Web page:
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James DeKoven was a distinguished defender of ritual practices and a strong advocate for ritualism at the 1871 and 1874 General Conventions. At the 1871 General Convention, he argued that ritual practices do not symbolize the doctrine of transubstantiation. He noted that such practices preceded the doctrine of transubstantiation. These practices were shared by Orthodox and Lutheran churches that denied transubstantiation. At the 1874 General Convention, DeKoven urged the church to adopt a comprehensive approach to worship. The canon on ritual was passed despite DeKoven's plea for comprehensiveness. His defense of ritualism led his opponents to question his theology of the eucharist and block his election as Bishop of Illinois. However, DeKoven's vision of comprehensiveness in worship ultimately prevailed in the Episcopal Church. His life and ministry are commemorated on Mar. 22 in the Episcopal calendar of the church year. Many of the ritualist practices and actions that were controversial in the nineteenth century are now generally accepted. See DeKoven, James; see Oxford Movement; see Transubstantiation.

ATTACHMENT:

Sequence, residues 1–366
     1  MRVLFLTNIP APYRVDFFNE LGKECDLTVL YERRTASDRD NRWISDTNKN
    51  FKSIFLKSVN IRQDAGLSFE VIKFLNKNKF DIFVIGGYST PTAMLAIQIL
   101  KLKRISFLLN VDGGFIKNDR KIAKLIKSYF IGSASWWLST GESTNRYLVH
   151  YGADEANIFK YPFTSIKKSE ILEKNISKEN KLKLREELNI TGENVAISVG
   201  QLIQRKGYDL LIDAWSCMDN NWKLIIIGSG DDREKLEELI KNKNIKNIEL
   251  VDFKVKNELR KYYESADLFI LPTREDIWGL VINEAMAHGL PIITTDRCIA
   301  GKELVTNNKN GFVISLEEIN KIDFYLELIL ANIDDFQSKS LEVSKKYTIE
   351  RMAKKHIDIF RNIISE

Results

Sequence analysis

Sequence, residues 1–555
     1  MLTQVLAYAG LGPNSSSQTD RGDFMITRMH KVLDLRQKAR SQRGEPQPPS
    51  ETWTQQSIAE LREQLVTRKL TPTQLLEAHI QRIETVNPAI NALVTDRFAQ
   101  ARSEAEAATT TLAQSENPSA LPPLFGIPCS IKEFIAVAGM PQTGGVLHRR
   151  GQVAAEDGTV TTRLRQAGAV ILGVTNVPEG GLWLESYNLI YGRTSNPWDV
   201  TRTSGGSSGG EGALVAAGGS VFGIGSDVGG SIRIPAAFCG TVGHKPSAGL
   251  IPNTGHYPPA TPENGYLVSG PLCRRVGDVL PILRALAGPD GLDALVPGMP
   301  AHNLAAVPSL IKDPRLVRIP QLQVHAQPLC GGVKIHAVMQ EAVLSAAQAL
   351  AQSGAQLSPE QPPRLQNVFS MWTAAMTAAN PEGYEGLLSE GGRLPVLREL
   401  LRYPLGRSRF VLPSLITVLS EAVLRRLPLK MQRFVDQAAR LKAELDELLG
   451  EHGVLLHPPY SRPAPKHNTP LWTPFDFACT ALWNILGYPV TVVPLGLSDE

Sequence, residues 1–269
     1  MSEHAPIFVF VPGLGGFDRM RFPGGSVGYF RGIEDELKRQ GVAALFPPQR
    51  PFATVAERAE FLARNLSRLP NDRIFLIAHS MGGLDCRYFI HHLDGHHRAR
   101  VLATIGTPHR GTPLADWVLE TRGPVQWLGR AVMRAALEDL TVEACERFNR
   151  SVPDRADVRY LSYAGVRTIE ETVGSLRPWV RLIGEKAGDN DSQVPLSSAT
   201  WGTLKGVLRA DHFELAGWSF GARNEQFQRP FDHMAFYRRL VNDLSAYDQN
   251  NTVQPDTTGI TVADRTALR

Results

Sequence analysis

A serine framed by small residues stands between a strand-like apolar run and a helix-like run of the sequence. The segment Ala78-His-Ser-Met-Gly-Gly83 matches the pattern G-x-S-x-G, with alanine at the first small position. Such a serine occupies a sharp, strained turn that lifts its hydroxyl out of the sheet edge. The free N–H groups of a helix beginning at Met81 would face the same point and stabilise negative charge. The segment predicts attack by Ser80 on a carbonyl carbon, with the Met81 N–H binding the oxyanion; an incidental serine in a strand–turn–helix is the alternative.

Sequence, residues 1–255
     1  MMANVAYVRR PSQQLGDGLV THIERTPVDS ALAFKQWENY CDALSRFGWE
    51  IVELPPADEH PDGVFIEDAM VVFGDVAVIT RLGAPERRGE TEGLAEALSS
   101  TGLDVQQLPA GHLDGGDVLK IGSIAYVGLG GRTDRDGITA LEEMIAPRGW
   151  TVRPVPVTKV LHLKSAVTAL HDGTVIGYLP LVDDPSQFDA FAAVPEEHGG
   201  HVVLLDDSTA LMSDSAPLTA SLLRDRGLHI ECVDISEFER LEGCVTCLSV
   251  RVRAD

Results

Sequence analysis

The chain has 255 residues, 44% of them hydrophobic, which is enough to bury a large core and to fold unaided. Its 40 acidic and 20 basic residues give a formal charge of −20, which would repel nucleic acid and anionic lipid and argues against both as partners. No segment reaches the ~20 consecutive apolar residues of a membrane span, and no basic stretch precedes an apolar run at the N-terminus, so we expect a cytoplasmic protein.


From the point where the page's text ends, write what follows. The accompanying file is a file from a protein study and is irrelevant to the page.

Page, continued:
Glossary definitions provided courtesy of Church Publishing Incorporated, New York, NY,(All Rights reserved) from "An Episcopal Dictionary of the Church, A User Friendly Reference for Episcopalians," Don S. Armentrout and Robert Boak Slocum, editors.
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